Adrien Camut 18 Year Old Privilege Pays d'Auge Calvados
Adrien Camut 18 Year Old Privilege Pays d'Auge Calvados. Amber. Melted toffee along with subdued notes of spiced apple and honey. Lovely round mouth feel, with just a finishing touch of smoke and floral notes.
Adrien Camut is widely regarded as the top calvados producer in Normandy. For seven generations, the Camut family has grown 25 varieties of apples at the Domaine de Semainville, located in the northeastern corner of the Pays d’Auge. Soils in this part of the appellation are very rich silt and clay, the type of soil that permits the trees plenty of nourishment. The trees here are slightly larger than other areas of the Pays d’Auge and because much of the nutrients go into making the wood of the trees larger, the sugar that goes to the apples is slightly lower, providing a bit more acidity to the fruit. The Camuts are firm believers that this higher acid level within their ripe apples leads to a spirit with more finesse and elegance.
When the apples fall to the ground, they are collected and taken directly to the press to begin the cider making process. After passing through a chipper, the pulp rests in a stainless-steel bin for about eight hours where the pulp begins to turn brown, something that will eventually bring more color and aroma to the base matter. The pulp is then loaded into a balloon press where it is squeezed and its juice liberated.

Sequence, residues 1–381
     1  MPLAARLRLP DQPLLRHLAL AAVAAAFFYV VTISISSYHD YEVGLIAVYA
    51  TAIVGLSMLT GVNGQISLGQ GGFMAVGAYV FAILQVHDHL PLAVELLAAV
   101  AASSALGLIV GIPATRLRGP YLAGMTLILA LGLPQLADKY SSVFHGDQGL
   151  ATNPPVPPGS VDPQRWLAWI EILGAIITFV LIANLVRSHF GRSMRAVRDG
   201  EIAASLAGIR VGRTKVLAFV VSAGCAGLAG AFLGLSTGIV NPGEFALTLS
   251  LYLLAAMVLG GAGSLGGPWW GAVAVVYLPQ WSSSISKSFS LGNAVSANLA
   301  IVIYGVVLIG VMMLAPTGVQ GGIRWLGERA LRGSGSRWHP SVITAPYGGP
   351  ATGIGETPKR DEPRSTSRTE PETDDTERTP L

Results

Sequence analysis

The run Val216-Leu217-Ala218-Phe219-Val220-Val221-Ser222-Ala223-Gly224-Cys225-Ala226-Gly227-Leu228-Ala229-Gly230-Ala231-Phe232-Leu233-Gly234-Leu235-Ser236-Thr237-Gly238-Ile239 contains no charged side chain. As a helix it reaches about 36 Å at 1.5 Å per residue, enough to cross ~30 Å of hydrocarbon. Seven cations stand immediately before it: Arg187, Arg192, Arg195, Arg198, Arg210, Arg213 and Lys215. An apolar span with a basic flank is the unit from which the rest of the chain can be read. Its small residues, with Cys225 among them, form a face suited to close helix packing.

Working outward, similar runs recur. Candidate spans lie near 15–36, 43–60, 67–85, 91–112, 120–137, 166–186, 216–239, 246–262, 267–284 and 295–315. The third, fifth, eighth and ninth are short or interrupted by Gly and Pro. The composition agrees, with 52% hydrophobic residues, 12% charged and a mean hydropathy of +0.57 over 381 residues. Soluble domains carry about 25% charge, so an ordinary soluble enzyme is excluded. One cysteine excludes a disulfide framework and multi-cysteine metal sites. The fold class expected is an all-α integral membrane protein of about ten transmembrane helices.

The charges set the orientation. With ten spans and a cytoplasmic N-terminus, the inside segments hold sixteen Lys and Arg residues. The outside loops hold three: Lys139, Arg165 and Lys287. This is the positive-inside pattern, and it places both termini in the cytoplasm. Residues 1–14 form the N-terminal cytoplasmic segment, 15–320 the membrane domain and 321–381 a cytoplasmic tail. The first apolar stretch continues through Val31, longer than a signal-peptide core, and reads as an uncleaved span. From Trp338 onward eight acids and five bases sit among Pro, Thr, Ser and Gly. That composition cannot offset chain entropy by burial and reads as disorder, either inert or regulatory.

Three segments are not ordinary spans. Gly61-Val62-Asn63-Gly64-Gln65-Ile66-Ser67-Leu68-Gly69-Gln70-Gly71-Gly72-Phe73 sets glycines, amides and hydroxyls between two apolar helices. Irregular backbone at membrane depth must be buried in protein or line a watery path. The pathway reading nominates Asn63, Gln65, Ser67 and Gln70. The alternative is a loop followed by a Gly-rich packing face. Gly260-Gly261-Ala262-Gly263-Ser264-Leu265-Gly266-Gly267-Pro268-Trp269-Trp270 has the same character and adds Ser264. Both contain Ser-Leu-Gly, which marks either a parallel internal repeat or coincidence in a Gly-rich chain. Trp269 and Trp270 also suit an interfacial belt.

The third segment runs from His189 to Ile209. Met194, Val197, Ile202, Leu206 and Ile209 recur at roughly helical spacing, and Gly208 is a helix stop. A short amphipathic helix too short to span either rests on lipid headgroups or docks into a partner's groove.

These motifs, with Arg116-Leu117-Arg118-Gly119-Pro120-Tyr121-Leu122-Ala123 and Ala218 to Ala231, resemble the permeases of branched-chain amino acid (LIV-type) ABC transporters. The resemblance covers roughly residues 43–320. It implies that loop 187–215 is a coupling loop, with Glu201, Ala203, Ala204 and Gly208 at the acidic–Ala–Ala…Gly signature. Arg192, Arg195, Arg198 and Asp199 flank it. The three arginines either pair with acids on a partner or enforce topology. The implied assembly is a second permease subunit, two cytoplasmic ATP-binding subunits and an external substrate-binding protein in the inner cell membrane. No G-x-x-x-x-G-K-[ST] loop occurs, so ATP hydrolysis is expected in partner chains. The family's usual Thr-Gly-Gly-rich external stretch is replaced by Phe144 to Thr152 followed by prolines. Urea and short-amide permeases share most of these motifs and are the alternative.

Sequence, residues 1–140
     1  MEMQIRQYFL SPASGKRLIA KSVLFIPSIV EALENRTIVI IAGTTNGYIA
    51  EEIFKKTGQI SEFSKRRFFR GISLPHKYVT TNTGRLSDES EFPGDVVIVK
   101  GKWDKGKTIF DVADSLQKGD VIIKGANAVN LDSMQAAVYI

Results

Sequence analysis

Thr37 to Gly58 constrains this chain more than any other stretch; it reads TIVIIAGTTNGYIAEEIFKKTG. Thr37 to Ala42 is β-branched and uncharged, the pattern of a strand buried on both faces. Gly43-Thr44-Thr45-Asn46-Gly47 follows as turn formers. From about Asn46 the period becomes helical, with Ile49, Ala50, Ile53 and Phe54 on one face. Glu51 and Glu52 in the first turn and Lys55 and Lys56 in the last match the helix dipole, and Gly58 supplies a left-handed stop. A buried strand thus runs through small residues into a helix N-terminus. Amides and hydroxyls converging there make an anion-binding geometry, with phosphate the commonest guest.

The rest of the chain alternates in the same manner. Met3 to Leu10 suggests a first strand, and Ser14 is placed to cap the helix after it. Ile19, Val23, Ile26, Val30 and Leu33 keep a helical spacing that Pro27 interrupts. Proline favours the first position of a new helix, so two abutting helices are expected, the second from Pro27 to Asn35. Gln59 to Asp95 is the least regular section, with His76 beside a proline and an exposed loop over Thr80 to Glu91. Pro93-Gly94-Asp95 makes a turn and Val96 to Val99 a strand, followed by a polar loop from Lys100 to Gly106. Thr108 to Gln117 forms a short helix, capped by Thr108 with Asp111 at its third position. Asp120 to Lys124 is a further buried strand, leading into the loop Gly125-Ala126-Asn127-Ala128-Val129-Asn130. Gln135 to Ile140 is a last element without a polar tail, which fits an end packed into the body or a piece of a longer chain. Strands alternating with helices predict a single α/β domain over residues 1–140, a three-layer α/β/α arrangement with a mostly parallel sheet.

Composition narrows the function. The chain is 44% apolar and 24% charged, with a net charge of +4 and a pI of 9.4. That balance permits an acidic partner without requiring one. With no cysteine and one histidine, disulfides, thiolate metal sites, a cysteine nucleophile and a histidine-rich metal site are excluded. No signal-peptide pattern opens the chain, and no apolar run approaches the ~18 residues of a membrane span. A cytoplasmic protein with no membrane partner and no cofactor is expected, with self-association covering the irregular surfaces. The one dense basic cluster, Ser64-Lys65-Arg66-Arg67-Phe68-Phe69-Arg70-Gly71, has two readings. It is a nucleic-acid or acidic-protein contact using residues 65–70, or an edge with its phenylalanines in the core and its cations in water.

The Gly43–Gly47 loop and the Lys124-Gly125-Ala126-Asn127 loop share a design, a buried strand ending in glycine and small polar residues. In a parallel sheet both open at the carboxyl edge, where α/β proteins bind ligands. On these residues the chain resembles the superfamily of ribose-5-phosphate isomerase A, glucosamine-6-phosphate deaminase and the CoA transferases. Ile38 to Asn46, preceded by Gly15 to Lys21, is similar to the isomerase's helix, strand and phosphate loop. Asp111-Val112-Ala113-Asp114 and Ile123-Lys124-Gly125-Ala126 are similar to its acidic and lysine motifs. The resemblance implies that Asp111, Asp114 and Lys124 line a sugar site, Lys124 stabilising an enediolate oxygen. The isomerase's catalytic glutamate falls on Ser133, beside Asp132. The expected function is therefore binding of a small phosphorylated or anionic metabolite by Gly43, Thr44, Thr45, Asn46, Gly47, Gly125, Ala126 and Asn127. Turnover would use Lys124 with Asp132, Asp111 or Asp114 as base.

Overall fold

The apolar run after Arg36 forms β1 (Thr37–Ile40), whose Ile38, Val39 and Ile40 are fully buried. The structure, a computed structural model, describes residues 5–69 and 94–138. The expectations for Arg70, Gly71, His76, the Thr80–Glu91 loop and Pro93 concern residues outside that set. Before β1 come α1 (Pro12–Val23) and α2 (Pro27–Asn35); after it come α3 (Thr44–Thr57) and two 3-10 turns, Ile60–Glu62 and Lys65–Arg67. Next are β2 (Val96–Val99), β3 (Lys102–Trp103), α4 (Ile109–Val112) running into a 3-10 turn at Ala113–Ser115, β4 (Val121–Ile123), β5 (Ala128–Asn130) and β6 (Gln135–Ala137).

The juice is pumped into large wooden vats, where over the next 10 months it will ferment slowly until there is no sugar left in the cider. In August and September, the cider is distilled in two old pot stills that are heated with firewood. The first distillation comes out of the still at about 28% alcohol. The second distillation, in which the heads and tails are removed, leaves the still at about 70% alcohol. The clear spirit is reduced immediately to about 60% alcohol before going into large oak foudre (casks that hold nearly 20,000 liters). The casks are never full, something that helps promote evaporation and the release of esters and acids. Some spirits stay in these large vessels for their entire lives (Camut also releases 6, 12 and 18 year-old calvados as well as some others that pre-date World War II). But once the older spirits reach a certain age, they are usually transferred to smaller casks, stained black with time, that give very little oak influence. It is within these that they can breathe and gradually diminish in alcohol until they are ready to be bottled.